<br />
* <div id="Wang2014"></div>Wang, Y., Yang, G., Yan, D., Wang, Y. M., & Song, X. (2014). Comprehensive assessment algorithm for calculating CEP of positioning accuracy. Measurement, 47 (January), 255–263.<br />
<br />
* <div id="Williams1997"></div>Williams, C. E. (1997). A comparison of circular error probable estimators for small samples (Tech. Rep. No. AFIT/GOA/ENS/97M-14). Wright-Patterson AFB, OH: U.S. Air Force Institute of Technology. [http://handle.dtic.mil/100.2/ADA324337 (PDF @ http://handle.dtic.mil/100.2/ADA324337)]<br />
<br />
* <div id="Zhang2012"></div>Zhang, J., & An, W. (2012). Assessing circular error probable when the errors are elliptical normal. Journal of Statistical Computation and Simulation, 82 (4), 565–586. [http://www.tandfonline.com/doi/abs/10.1080/00949655.2010.546797 (Abstract @ http://www.tandfonline.com/doi/abs/10.1080/00949655.2010.546797)]<br />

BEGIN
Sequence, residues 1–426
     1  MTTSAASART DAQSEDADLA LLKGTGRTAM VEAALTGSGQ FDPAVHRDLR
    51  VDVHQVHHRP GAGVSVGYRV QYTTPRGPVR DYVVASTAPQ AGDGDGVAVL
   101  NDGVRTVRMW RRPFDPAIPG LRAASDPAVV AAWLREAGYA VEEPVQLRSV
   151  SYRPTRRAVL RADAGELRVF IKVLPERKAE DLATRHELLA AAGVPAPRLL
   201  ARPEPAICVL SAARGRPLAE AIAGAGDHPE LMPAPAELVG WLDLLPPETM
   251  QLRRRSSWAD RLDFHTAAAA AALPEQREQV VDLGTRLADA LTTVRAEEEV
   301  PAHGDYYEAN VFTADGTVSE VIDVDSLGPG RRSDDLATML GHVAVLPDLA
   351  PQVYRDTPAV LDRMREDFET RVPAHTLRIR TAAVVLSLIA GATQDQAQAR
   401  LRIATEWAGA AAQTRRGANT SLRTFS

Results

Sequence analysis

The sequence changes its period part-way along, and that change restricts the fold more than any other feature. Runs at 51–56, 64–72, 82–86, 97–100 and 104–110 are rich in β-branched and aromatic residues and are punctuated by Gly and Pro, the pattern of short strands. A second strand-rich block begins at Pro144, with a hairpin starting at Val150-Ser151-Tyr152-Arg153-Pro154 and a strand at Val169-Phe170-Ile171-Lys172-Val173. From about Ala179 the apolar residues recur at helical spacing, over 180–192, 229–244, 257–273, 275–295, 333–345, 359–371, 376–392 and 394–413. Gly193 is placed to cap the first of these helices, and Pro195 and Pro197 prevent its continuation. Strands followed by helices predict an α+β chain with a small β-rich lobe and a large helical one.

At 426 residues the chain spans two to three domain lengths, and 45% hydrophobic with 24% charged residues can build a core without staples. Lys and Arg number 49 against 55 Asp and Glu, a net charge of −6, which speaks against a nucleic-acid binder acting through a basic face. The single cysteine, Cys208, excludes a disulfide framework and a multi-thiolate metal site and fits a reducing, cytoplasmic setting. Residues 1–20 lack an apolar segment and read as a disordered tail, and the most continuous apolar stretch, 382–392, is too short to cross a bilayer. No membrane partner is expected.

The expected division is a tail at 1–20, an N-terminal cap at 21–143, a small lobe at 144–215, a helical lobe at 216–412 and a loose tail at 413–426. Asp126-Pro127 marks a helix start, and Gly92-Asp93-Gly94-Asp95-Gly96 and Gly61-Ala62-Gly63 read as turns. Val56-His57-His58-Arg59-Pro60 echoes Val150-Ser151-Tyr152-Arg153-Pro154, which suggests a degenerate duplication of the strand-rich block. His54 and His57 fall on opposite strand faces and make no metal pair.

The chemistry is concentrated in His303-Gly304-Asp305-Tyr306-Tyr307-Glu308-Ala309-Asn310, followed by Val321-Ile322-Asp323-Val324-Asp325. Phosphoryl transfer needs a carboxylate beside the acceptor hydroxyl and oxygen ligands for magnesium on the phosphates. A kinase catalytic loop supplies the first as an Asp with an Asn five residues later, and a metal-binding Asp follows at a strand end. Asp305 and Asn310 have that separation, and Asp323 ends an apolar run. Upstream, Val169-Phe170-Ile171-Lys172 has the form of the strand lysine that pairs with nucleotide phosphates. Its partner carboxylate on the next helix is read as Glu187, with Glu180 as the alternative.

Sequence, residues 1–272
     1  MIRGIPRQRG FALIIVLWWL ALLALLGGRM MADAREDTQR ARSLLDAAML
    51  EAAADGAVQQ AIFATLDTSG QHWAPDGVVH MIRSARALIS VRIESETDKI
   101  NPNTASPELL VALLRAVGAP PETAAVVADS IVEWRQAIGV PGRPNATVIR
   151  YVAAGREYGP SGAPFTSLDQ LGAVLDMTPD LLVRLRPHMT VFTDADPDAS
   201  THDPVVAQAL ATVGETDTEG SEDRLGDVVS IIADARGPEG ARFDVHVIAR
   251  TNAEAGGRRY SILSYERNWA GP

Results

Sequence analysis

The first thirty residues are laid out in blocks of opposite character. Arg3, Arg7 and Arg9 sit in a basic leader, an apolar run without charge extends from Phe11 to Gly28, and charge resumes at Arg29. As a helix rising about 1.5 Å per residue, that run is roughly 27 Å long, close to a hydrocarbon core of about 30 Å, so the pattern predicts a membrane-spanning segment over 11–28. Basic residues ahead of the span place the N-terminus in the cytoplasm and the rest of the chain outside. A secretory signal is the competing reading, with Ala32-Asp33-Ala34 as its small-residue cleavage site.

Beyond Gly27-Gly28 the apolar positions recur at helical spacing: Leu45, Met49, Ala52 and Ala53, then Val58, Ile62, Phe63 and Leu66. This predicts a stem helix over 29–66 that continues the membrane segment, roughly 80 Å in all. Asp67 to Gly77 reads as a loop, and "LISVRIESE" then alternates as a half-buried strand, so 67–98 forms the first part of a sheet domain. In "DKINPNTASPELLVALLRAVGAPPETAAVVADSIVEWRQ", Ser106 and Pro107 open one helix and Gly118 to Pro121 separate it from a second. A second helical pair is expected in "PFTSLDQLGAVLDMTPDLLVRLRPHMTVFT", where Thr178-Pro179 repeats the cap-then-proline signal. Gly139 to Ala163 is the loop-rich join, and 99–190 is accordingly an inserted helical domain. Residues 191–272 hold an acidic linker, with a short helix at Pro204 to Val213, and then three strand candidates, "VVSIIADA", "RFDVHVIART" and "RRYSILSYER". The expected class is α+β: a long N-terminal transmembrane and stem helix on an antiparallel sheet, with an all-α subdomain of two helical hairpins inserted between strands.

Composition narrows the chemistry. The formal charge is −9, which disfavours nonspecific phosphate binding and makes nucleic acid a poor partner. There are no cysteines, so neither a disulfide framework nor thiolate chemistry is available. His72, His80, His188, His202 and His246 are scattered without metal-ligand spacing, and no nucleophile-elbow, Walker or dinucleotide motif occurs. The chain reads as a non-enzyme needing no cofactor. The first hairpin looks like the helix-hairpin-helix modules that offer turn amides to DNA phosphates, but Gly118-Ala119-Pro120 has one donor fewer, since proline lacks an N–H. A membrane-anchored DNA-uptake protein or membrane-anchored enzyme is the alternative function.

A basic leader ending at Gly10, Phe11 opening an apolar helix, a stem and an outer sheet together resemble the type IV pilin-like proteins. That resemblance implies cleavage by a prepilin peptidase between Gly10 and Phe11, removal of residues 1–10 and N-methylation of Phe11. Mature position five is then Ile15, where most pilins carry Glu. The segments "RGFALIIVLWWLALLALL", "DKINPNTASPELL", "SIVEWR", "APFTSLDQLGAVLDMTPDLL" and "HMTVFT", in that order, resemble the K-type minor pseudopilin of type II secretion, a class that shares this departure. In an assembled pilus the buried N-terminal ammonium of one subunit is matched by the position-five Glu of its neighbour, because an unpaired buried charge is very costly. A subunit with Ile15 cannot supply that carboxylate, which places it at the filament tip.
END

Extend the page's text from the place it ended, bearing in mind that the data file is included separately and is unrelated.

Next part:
<br />
= Groups of Publications =<br />
<br />
== CEP ==<br />
<br />
The literature on the [[Circular_Error_Probable|circular error probable (CEP)]] is extensive and diverse: Applications for CEP are found in areas such as target shooting, missile ballistics, or positional accuracy of navigation and guidance systems like GPS. The statistical foundations in quadratic forms of normal variables are important for analyzing the power of inference tests. The Hoyt and Rayleigh distribution have applications in (wireless) signal processing.<br />
<br />
=== Develop CEP Estimator ===<br />
<br />